Preview: The USMNT’s Amsterdam Litmus Test

Boy, do we have a treat for you this Monday morning.

Amsterdam, forever known as John O'Brien Land....

TSG was able to convince contributor “Tuesday,” who hails from D.C. and is a virtual wikipedia of soccer knowledge to contribute our Netherlands preview piece.

A nice break from the typical at TSG and a big thanks to Tuesday on a Monday for letting the editors over here sit back, grab our java and get a good read to start the week. Thank you.

Without further adu, Tuesday with the customary TSG preview:

As always, we’ll follow the following format:

TSG’s “What We’re Looking For”
11 at the Whistle
*Disclaimers

TSG’s “What We’re Looking For

• Can the USA hold it’s own against the #3 ranked team in the world?

Coach USA is serious about this friendly...but will he wear a tie?

The Netherlands have frequently raised expectations at the group stage of major tournaments before ultimately underachieving.

A series of experimental friendlies have left USA fans frustrated and hungry for positive results, but the Yanks face an uphill battle.

The Dutch are not El Salvador.  This isn’t the same US team that needed an injury time winner to defeat their familiar CONCACAF foe. Bob Bradley has named a 20-player roster that’s lean, mean and mostly European.

Only four players that took part in the El Salvador friendly make the trip to Amsterdam and fit first-team players return to international action. Auditions for minor roles at the World Cup are limited in number, an indication that Bradley is taking this match more seriously than other recent friendlies.

• What to expect from the class of Europe’s northwest?

The Netherlands’ may be without Arsenal striker Robin Van Persie but are otherwise at full strength with a roster that looks very much like the passenger manifest for their flight South Africa.

Lining up in their traditional 4-3-3, the Dutch back line consists of ageless captain Gio van Bronckhorst, now of Feyenoord, along with clear first-choice center-back pairing of Joris Mathijsen (Hamburger SV) and André Ooijer (PSV). Everton’s John Heitinga and Ajax’s emerging Gregory van der Wiel will battle it out to be Bert van Marwijk’s first choice at right back.

Sneijder holds down the midfield fort for the Special One also...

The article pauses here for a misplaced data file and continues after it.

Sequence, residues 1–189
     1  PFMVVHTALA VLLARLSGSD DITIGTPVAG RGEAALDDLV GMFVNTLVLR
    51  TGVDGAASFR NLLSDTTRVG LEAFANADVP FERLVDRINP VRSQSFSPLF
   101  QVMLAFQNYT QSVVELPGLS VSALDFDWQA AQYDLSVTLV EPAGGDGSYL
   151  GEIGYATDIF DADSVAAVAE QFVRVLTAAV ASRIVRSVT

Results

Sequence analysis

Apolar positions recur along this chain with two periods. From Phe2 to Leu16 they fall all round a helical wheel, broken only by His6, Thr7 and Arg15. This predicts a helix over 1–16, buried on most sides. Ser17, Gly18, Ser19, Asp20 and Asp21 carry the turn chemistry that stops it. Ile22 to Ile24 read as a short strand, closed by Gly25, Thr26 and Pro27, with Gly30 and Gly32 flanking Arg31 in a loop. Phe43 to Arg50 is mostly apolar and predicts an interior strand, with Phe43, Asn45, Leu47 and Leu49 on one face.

The 3-man midfield fuses the silky talents of Inter Milan’s Wesley Sneijder with the steal of midfield anchormen Nigel de Jong (Man City) and Demy de Zeeuw (Ajax). Fresh off leading AZ Alkmaar to their 2nd Eredivisie title last season, De Zeeuw was enlisted in former Tottenham manager Martin Jol’s rebuilding project at Ajax. He has been in fine form scoring 5 goals in 15 appearances this season for his new club. The pair will look to win the ball and find Sneijder to spring dangerous counterattacks up the flanks.

Up top, Bayern Munich’s Arjen Robben and Liverpool’s Dirk Kuyt are slated to provide service from the flanks to AC Milan’s Klaas-Jan Huntelaar in the middle. Forced out at Real Madrid with the Galactico revival, Robben has been scintillating for his new club when he’s been fit, scoring 8 times in 14 appearances, a rate any striker would envy.

• ….and the following will give Bob Bradley and company fits….

TSG will be taking note of the Netherlands’ tactical approach to this friendly. The USA may have tipped its hand at last summers Confederation’s Cup and put the world’s top teams on notice that they’re one of the handful of mid-tier sides capable of claiming any scalp on their day. Will the Netherlands dominate possession, as might be expected, or will they choose the tactic of defending deeper to give us less space to run behind their back four, concede some possession, let the US set tempo and invite our best efforts to break them down before hitting on the counterattack?

The Netherlands will present two key tactical challenges for Bob Bradley’s side – defending the counterattack and dealing with speed on the wings.

Can't do a preview on the Dutch without an image of Robben...

How will we cope with the guile of Robben and the tireless running of Kuyt? Our outside defenders have often struggled against pacy wingers, getting pulled out of shape and leaving space in the box to be exploited. Without Dempsey, might Bradley sacrifice a wide midfielder for cover, asking him to tuck inside the fullback for defensive support?

—–

11 at the whistle

With limited training, Bradley will go with the familiar, which is the same thing he’d do after a month-long training camp.

G: Tim Howard

Welcome back, Jay!

DEF: Jonathan Spector, Jay DeMerit, Carlos Bocanegra, Jonathan Bornstein

The skinny: The back four will likely pair DeMerit with Bocanegra in the center. Bornstein likely gets the start on the left while Spector is tasked with trying to contain Robben on the right.

MID: Stu Holden, Mo Edu, Mike Bradley, Landon Donovan

The skinny: In midfield we’ll see Bob go with the “two destroyers” he tends prefer in the center of midfield against better sides. That likely means Edu, fresh off his injury time winner in the Old Firm, paired with Sweatpants, Jr. in the center of midfield. Donovan will shift over from the flank he occupies at Everton to start on the left of midfield with Holden, fresh off a good defensive effort in his Premier League debut for Bolton, tasked with helping to contain the threat of Robben on the right.